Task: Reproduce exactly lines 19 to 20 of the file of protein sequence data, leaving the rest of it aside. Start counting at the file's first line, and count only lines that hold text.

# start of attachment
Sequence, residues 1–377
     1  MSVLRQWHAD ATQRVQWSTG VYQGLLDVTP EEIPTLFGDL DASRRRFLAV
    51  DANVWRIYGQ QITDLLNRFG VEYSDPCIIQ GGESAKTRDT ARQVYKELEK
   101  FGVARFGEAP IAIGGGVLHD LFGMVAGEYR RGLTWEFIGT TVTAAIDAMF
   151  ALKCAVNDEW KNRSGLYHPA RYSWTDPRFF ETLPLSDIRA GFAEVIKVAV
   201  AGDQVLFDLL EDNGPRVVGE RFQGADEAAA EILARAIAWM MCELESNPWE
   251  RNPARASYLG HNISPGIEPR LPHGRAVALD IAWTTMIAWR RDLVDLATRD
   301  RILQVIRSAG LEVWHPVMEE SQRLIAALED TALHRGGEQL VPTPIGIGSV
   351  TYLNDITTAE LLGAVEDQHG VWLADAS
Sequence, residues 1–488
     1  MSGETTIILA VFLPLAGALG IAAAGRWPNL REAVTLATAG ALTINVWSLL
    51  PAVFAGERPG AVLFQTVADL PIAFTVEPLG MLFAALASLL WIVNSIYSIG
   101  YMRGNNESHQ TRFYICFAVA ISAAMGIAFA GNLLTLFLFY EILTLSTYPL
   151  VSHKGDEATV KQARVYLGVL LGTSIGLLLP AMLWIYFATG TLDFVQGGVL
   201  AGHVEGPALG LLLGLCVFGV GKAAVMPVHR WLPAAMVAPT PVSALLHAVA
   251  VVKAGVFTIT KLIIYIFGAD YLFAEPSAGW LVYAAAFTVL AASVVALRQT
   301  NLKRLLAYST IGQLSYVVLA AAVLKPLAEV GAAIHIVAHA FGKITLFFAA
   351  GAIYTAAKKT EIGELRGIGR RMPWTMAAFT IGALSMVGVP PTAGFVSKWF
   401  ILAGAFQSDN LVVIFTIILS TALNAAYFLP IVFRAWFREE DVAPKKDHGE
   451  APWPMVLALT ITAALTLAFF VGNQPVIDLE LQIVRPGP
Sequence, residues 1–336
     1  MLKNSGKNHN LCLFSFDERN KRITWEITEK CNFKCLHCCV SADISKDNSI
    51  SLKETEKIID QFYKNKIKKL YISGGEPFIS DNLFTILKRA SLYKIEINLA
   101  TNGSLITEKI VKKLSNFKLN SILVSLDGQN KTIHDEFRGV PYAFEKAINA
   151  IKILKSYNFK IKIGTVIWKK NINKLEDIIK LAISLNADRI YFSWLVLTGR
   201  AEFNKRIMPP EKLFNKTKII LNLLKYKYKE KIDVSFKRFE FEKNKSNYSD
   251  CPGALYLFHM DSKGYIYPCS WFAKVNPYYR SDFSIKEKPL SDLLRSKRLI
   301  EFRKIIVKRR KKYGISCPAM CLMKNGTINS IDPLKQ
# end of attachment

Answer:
   401  ILAGAFQSDN LVVIFTIILS TALNAAYFLP IVFRAWFREE DVAPKKDHGE
   451  APWPMVLALT ITAALTLAFF VGNQPVIDLE LQIVRPGP